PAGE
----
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Buford v Esurance Prop & Cas Ins Co (COA – UNP 6/24/2021; RB #4290)

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Michigan Court of Appeals; Docket # 354066; Unpublished
Judges Stephens, Kelly, and Riordan; Per Curiam
Official Michigan Reporter Citation: Not Applicable; Link to Opinion


STATUTORY INDEXING: 
Entitlement to PIP Benefits: Arising Out of / Causation Requirement [§3105(1)]

TOPICAL INDEXING: 
Evidentiary Issues


SUMMARY: 
In this unanimous unpublished per curiam decision, the Court of Appeals affirmed the trial court’s summary disposition order dismissing Plaintiff Vivian Buford’s first-party action against Defendant Esurance Property & Casualty Insurance Company (“Esurance”). The Court of Appeals held that Buford failed to present sufficient evidence to create a question of fact as to whether her claimed injuries were caused by the subject motor vehicle collision pursuant to MCL 500.3105(1).

Buford was allegedly injured in a motor vehicle collision but did not seek treatment until approximately one month after the subject collision. She subsequently filed a claim for no-fault PIP benefits with Esurance, in which she responded “not certain” to a query regarding whether she had any pre-existing injuries in her back, neck, or knees. At a later deposition, Buford testified that she did not suffer any pre-existing injuries to these areas. Esurance ultimately obtained Buford’s medical records, however, which revealed an extensive history of knee, back, and neck pain, including a prescription for a cane, walker, and pain medication. Based on these records, Esurance moved for summary disposition, arguing that Buford’s injuries did not arise of the subject motor vehicle collision, that she had committed fraud in her claim for PIP benefits, and that she failed to show that she incurred costs for replacement services and attendant care. Buford responded to Esurance’s motion arguing only that she had not committed fraud; she did not contest Esurance’s allegation that her injuries did not arise out of the subject collision. As a result, the trial court granted Esurance’s motion.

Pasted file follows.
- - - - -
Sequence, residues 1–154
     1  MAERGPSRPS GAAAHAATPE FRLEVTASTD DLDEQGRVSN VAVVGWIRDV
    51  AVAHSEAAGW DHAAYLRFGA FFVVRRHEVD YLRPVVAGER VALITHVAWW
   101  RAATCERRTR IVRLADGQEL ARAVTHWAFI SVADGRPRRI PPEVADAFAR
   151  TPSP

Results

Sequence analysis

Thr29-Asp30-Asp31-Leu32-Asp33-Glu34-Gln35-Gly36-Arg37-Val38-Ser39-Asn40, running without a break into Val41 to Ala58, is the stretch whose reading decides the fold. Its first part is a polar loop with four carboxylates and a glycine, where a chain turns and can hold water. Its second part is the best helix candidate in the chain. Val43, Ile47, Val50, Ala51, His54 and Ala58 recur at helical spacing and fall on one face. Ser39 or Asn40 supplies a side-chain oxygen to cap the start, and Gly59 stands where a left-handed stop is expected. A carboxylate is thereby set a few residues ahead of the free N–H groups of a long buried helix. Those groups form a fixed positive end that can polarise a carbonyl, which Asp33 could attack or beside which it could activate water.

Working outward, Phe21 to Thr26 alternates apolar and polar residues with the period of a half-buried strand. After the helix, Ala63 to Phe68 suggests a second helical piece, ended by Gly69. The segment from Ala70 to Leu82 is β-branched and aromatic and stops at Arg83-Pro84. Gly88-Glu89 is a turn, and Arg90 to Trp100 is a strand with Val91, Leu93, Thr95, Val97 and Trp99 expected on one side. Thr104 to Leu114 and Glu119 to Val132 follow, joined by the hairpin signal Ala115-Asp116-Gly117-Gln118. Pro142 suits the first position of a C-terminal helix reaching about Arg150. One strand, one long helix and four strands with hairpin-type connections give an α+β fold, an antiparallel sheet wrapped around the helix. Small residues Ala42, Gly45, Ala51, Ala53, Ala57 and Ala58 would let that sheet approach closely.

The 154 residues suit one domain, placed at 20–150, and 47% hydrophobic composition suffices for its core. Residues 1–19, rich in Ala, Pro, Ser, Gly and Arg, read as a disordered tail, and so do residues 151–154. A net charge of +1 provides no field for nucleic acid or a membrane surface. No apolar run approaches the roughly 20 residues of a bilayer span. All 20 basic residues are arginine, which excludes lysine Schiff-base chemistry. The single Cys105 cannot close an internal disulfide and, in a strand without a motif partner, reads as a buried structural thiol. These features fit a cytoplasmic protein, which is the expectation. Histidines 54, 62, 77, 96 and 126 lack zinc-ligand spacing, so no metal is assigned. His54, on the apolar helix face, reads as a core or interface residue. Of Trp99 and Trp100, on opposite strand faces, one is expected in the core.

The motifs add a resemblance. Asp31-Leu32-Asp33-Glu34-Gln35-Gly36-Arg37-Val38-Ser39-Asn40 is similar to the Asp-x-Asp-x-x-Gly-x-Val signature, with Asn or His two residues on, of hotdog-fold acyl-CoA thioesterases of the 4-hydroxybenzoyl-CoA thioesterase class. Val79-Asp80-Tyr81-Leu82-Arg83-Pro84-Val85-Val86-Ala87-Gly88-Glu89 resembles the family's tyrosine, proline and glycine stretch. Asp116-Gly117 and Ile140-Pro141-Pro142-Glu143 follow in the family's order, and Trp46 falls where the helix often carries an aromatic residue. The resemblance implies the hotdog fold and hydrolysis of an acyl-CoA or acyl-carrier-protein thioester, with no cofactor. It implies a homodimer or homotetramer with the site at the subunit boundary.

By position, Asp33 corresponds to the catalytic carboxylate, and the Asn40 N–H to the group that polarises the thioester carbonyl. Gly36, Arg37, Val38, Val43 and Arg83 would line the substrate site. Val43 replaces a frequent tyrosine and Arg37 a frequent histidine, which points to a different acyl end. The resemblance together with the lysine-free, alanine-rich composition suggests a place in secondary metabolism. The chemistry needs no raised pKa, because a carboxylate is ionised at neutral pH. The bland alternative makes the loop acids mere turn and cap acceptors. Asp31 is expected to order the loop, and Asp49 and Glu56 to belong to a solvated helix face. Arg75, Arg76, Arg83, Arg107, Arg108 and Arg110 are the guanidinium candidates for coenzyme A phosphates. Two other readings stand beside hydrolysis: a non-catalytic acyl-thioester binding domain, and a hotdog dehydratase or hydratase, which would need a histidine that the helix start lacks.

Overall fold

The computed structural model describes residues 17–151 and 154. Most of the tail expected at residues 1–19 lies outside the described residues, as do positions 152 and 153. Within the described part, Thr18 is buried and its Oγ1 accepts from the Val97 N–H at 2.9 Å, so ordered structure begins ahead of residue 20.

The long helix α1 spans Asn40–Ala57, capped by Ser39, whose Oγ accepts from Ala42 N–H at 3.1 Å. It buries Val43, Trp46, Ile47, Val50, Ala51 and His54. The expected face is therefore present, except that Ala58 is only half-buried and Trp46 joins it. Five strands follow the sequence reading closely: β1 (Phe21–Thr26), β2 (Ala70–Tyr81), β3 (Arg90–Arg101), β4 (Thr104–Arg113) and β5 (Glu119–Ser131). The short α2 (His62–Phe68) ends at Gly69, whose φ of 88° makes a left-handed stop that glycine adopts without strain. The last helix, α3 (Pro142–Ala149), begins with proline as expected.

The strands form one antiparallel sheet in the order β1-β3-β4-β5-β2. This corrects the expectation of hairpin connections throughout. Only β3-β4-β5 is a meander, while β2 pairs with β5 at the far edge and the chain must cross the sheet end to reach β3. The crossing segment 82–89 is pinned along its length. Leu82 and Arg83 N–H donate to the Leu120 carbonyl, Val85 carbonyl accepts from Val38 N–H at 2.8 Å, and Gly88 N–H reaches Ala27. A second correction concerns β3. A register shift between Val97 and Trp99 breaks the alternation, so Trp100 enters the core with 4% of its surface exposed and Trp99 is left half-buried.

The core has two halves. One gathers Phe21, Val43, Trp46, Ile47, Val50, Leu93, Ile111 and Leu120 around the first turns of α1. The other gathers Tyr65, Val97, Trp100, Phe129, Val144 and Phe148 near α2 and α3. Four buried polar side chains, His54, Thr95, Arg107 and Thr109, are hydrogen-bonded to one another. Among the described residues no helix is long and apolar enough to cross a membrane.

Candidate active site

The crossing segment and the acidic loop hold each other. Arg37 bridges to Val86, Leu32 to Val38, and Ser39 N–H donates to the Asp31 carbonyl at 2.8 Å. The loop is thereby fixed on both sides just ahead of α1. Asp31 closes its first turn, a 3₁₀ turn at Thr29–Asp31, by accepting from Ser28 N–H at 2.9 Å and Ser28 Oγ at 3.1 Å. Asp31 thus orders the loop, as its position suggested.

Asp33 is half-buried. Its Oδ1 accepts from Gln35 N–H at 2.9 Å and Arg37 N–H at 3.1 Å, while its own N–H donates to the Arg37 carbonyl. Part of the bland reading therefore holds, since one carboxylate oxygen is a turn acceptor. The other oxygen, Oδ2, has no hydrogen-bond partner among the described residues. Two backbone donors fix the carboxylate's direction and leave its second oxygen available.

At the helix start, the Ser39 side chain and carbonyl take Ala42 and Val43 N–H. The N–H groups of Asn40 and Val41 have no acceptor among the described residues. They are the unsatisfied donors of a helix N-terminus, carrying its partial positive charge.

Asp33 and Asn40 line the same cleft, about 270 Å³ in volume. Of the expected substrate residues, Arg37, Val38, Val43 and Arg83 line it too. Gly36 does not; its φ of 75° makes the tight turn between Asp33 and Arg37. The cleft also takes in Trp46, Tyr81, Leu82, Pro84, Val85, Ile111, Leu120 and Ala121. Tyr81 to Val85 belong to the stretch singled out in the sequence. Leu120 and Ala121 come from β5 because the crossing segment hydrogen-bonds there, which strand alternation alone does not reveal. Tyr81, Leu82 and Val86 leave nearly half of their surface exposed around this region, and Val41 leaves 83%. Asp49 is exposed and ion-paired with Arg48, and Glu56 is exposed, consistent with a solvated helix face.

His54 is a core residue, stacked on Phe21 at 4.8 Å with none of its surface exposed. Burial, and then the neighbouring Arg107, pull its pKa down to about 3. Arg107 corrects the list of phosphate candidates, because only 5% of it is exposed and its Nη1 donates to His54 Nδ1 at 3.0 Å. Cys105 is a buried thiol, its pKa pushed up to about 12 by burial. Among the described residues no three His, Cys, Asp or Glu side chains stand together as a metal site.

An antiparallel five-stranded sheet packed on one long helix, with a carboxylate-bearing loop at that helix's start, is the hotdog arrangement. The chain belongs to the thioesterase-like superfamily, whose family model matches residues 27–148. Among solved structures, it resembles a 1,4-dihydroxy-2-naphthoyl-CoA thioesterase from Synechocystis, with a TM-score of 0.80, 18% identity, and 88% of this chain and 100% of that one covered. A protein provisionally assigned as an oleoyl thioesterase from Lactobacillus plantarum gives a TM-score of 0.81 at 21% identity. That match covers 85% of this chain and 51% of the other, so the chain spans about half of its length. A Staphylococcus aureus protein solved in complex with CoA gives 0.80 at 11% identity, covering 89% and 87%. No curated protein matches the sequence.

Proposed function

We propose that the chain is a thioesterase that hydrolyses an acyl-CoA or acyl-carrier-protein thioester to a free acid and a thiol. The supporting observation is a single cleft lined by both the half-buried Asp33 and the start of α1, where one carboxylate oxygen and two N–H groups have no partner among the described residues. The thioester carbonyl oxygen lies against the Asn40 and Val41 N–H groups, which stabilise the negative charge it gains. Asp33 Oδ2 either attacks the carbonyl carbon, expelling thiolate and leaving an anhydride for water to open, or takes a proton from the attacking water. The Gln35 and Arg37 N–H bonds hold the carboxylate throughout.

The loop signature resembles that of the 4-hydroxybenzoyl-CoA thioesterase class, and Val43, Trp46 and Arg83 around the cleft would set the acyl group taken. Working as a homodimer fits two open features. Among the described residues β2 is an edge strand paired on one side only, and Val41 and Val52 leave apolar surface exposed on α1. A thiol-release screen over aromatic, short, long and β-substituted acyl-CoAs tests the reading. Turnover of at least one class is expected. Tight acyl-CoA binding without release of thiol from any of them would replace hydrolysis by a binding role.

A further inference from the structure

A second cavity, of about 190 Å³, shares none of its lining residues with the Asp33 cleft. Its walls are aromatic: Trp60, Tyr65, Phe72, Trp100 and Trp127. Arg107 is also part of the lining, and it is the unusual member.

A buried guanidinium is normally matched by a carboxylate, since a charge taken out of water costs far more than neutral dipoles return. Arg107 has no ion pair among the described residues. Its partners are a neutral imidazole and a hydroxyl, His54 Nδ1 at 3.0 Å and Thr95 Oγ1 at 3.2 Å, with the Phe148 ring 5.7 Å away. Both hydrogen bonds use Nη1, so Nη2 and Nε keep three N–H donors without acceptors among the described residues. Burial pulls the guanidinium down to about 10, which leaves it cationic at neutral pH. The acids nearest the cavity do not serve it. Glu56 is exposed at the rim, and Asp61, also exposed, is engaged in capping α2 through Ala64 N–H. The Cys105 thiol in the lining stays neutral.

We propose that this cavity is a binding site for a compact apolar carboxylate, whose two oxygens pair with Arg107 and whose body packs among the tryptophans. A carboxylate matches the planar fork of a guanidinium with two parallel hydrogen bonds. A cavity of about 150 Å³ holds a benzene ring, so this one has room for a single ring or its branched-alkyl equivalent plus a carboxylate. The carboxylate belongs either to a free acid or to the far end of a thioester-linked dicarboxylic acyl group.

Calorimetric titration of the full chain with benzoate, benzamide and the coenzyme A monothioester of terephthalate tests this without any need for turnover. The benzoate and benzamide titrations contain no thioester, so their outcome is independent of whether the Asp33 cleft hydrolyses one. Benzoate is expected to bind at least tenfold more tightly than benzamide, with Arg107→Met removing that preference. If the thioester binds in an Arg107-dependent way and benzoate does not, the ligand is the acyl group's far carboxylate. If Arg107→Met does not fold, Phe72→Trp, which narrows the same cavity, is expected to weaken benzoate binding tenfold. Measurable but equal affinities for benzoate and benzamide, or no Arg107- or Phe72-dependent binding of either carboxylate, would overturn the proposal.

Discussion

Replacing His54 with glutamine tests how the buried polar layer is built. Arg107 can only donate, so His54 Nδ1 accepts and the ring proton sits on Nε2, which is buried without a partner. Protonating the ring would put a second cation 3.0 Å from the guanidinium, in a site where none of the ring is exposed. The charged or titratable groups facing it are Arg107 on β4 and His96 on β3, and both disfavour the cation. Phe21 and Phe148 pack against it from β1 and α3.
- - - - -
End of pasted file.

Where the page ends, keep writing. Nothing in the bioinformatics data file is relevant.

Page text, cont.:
The Court of Appeals affirmed the trial court’s summary disposition order, as Buford’s only argument on appeal was that the trial court erred in concluding that her injuries did not arise out of the subject collision for purposes of MCL 500.3105(1). The Court of Appeals noted, however, that Buford “did not ‘dispute in any meaningful way [Esurance’s] argument that her current injuries predated the March 2018 accident, much less cite any evidence to refute [Esurance’s] contention’ ” in her response to Esurance’s motion. Esurance presented evidence in its motion that Buford’s injuries did not arise out of the collision, which shifted the burden onto Buford to present competing evidence to create a question of fact as to whether her injuries were, in fact, the result of the collision. Buford, however, did not so much as offer an argument as to this issue in her response brief, nor did she present any documentation to support any argument that her injuries were caused by the collision.

With respect to the first question, we conclude that defendant properly identified evidence indicating that plaintiff’s injuries did not arise out of the automobile accident. Defendant’s brief in support of its motion for summary disposition states that ‘[p]laintiff’s multitude of pre-accident medical records and allegations of injury mirror her pre-accident complaints.’ Specifically, defendant pointed out that ‘[p]laintiff was suffering from severe head, neck, back, and knee injuries and pain for at least 20 years before the accident.’ Yet, after the accident, defendant notes that plaintiff complained of the same or similar conditions, which she stated arose from the accident. Defendant supported this position with a number of exhibits showing that plaintiff’s preexisting injuries were similar to her postaccident complaints. Given the extensive nature of the medical documentation showing plaintiff’s preexisting medical conditions, defendant met its initial burden as the moving party under MCR 2.116(C)(10).

With respect to the second question, because we conclude that defendant met its initial burden for summary disposition, the burden then shifted to plaintiff to establish a genuine question of material fact with respect to whether her injuries arose out of the automobile accident. Quinto, 451 Mich at 362-363. In this case, plaintiff’s response to defendant’s motion for summary disposition solely argued that she had not committed fraud when she submitted the claim to defendant for PIP benefits. Nowhere in her brief did she respond to or argue against defendant’s assertion that her injuries did not arise out of the automobile accident. Nor did plaintiff provide any supporting documentation to the brief showing that her injuries arose out of the accident. In short, there is nothing in the lower court record to indicate that plaintiff even attempted to establish a factual dispute in response to defendant’s motion for summary disposition, let alone present ‘documentary evidence establishing the existence of a material factual dispute.” Id. Accordingly, the trial court did not err by granting defendant’s motion for summary disposition on the basis that ‘it is beyond factual dispute that [p]laintiff’s injuries are not attributable to the March 2018 accident.’ 

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